Article Source: Facebooks New Algorithm
We are just beginning to come to grips with the idea that computers and algorithms can recognize our faces, and the implications that has for privacy. Now the head of Facebook’s artificial-intelligence research lab says that an experimental algorithm he helped develop for the giant social network can recognize you with a high degree of accuracy even if your face is hidden from the camera.
Yann LeCun, an expert in computer vision and pattern recognition who was hired by Facebook FB 1.12% in 2013, presented his research at a recent conference in Boston. He told New Scientist magazine that he wanted to see whether the same kinds of algorithms used for facial recognition could be tweaked to recognize people from other physical characteristics—their body type, the way they stand, etc.
“There are a lot of cues we use. People have characteristic aspects, even if you look at them from the back,” said LeCun, a former BellLabs researcher who helped develop the algorithm used by many U.S. banks to verify handwriting on checks. “For example, you can recognise Mark Zuckerberg very easily, because he always wears a gray T-shirt.”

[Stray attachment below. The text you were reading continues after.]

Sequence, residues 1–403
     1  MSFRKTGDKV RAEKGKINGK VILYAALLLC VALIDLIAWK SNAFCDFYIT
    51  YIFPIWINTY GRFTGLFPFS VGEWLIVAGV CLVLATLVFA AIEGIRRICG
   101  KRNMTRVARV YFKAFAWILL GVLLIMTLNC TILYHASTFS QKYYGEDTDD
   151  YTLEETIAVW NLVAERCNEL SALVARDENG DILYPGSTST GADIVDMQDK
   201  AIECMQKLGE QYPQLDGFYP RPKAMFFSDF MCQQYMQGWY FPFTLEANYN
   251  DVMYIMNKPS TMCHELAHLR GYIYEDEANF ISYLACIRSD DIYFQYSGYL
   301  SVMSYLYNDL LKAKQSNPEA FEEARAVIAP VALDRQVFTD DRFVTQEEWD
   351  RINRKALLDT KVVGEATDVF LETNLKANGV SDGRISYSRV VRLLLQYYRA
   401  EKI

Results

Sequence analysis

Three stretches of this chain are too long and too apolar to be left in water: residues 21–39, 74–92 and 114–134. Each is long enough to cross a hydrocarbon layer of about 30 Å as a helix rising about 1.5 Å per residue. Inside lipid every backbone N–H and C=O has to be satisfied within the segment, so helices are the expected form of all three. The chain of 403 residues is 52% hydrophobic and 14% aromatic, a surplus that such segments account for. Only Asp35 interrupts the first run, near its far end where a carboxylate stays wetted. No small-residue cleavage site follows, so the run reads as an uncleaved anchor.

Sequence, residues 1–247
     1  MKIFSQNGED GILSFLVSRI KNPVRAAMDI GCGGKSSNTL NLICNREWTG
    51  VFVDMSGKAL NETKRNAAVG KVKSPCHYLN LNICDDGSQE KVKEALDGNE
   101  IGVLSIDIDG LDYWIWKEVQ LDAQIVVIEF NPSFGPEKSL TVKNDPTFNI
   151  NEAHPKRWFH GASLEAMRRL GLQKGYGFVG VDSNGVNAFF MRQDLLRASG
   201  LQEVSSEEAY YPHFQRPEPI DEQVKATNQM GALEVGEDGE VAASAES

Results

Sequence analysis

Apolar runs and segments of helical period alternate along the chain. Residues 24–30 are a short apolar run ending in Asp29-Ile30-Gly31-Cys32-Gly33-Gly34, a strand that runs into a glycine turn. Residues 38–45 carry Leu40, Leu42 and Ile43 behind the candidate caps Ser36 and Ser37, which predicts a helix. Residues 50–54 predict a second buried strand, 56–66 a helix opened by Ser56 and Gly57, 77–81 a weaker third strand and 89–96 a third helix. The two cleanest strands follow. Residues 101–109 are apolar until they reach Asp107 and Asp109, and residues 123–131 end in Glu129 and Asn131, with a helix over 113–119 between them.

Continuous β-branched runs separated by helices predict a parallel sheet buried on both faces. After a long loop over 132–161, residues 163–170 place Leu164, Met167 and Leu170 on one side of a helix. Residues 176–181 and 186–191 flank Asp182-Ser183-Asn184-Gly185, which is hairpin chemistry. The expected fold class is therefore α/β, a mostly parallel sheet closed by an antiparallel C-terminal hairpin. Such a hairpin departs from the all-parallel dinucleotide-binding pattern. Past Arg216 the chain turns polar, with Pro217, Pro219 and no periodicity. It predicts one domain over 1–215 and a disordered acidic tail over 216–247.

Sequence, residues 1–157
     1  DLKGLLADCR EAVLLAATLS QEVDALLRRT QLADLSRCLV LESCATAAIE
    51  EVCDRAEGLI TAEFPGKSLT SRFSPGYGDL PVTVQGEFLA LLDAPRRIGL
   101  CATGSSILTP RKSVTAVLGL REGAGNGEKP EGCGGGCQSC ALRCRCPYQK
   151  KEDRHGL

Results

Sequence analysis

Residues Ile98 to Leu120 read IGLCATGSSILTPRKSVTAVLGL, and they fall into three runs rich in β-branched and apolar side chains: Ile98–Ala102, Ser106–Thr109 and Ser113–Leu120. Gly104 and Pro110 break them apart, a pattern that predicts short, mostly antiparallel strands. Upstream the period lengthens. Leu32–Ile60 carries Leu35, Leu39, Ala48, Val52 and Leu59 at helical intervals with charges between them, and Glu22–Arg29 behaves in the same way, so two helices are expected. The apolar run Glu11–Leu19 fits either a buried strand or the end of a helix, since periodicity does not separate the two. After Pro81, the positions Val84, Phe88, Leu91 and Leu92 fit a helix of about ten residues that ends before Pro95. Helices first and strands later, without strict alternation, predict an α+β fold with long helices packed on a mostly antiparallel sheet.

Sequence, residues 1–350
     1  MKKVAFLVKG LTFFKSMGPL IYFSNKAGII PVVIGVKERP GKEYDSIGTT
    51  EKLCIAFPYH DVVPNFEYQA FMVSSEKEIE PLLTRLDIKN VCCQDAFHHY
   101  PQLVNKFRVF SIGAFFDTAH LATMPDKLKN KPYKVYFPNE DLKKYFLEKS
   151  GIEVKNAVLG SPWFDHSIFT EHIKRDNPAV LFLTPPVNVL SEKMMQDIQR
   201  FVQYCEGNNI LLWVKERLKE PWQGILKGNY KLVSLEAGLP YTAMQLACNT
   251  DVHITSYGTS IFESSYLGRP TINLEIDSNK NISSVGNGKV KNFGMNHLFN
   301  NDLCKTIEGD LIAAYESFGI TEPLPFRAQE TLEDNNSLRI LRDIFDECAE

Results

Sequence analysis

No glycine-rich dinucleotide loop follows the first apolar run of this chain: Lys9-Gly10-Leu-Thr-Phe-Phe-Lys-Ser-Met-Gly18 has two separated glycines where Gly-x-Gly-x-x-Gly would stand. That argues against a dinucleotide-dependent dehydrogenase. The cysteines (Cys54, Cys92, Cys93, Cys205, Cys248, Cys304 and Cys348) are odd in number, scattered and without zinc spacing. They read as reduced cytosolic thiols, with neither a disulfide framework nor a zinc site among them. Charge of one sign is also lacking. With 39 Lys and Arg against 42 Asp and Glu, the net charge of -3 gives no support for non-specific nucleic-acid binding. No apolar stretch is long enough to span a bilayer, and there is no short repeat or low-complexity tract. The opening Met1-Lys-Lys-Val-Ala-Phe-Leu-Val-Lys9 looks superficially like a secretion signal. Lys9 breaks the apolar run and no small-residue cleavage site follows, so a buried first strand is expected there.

The research took 40,000 public photos from the social network, some of which showed people with their faces fully visible to the camera and others with their faces partially or fully hidden. After running them through the recognition filter, LeCun said the system could determine a user’s identity with 83% accuracy. Using its existing algorithms, Facebook has said that it can recognize you with 98% accuracy—in fact, its software can identify you in one picture out of 800 million in less than 5 seconds.
Companies like Facebook are interested in facial recognition so that they can help users organize their photos, the way the social network wants to do with its recently launched Moments feature—which automatically sorts your pictures into different categories, and can detect when you and your friends upload photos of the same event.